However, despite the untold power and wealth residing in the company, the city has a seedy and destitute side to it. And down those dark streets walks the company's odd fixer Cyril Hayes. He possesses the power to create a kind of telepathic bond with anyone he spends time with, eventually being able to charm them and more or less read their thoughts. In the past he's ferreted out industrial spies and secret-sellers, and now he's trying to figure out both how and why a trolly car of eleven unionists pulled into a station with everyone on board completely slaughtered. Helping him is his new organizer/researcher/librarian/assistant, Ms. Fairbanks, and together with Cyril's policeman friend, Detective Garvey, they form a very odd heroic trio.

Unfortunately, about halfway through, the inventiveness starts to wear thin on the book, and the supernatural element starts to become more and more prominent. The mystery of the union murders starts to shift into a kind of X-Files conspiracy and before too long, the hint of alien mumbo-jumbo starts to poke though.
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2 of 2 people found the following review helpful By Kathryn on May 25, 2011
Format: Paperback
This book really is a world of its own. It sucks you in from page one and manages to immerse you into the fictional town of Evesden, Washington and the main protagonist, Cyril Hayes. Bennett manages to capture the essence of the steam age perfectly in Evesden, a town ruled by the powerhouse industry of McNaughton and all its seemingly-impossible inventions. True to the industry age, Evesden is a dirty place overpopulated with desperate workers who form unions to go against the industry of McNaughton. We have children starving in streets side-by-side with fantastical inventions used to run the lights, the tram, everything. It only takes a few short pages of explanation here and there for the reader to quickly grasp the basics of the city of Evesden, and more and more unfold details and secrets unfold as the story goes along.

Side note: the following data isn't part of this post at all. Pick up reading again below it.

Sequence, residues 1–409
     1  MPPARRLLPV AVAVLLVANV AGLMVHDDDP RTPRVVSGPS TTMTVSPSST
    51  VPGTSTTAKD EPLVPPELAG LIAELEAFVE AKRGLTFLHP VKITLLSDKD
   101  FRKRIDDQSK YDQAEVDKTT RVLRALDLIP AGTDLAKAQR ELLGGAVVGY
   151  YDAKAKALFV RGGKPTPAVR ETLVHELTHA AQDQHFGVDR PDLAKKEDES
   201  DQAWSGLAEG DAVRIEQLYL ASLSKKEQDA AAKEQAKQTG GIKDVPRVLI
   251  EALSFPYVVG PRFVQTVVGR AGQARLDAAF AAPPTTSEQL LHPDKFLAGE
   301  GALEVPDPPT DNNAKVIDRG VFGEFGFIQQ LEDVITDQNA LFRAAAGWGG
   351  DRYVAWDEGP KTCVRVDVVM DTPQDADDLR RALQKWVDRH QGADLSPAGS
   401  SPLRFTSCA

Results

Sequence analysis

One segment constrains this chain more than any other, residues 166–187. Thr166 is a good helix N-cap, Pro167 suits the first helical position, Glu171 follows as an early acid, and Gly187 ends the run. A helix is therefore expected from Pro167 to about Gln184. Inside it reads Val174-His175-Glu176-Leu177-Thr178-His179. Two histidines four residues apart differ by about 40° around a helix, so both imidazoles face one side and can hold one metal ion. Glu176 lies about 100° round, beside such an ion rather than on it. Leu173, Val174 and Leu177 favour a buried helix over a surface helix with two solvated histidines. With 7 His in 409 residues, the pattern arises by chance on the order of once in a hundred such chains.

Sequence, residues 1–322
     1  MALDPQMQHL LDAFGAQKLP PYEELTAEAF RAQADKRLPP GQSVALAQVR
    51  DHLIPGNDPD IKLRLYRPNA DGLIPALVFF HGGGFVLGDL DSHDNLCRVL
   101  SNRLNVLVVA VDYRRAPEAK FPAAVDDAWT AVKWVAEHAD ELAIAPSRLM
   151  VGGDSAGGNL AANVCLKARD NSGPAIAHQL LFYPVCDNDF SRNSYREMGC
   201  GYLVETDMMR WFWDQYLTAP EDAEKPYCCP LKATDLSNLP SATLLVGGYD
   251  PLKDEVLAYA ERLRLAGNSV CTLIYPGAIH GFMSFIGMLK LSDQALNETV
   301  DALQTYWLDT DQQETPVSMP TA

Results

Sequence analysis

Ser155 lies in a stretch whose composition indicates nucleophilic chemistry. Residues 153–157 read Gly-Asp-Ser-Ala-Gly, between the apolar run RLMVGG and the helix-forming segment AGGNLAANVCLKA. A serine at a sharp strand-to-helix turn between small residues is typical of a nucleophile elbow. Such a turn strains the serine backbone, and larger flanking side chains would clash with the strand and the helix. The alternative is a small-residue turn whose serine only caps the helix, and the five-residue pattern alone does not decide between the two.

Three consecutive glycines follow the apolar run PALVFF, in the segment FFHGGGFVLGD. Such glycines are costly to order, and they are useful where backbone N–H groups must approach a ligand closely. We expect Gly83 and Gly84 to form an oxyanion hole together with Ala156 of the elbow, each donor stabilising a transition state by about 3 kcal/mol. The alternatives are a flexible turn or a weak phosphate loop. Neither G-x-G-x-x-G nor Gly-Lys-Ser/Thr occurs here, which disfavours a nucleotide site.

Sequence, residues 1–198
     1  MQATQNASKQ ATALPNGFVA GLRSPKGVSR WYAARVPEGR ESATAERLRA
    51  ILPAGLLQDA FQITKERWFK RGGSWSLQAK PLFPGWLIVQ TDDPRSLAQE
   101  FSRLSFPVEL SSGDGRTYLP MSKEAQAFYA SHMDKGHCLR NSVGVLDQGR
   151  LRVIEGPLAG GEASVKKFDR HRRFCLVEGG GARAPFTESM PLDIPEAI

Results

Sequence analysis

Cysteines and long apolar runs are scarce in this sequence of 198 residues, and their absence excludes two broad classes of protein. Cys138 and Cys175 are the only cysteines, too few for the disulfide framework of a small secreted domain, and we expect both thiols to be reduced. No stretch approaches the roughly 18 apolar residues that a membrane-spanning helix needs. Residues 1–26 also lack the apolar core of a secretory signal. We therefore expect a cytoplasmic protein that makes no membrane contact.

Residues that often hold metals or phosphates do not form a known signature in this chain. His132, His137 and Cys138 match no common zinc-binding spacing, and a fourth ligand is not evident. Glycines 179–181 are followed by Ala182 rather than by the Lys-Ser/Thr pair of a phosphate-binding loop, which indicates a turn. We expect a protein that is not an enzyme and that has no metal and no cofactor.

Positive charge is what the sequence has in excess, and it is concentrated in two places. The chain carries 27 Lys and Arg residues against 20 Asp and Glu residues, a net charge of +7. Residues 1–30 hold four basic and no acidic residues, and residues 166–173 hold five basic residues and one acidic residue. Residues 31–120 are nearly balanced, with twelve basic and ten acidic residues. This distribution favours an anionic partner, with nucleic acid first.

The narrative juggles between Hayes and his assistant, Samantha, as well as his cop-friend Garvey. Each of them had ups and downs for me. Hayes especially has many faults side-by-side with his genius--I found myself being annoyed with him and utterly intrigued by him at the same time. Hayes has a unique gift for "reading" people which can breech into genuine mind-reading, and McNaughton uses him to investigate any threats against its company. Hayes is a bit of an eccentric, a wild card, and an intriguing mystery from the beginning. He fits the anti-hero personality almost too well and from the beginning he seems to fall deeper and deeper into trouble both externally and internally--even as Hayes quickly becomes involved in the great mystery of the story his health rapidly deteriorates, which adds additional trouble. Compared to Hayes, Samantha seemed rather flat to me, and Garvey while more interesting still did not have much mystery around him.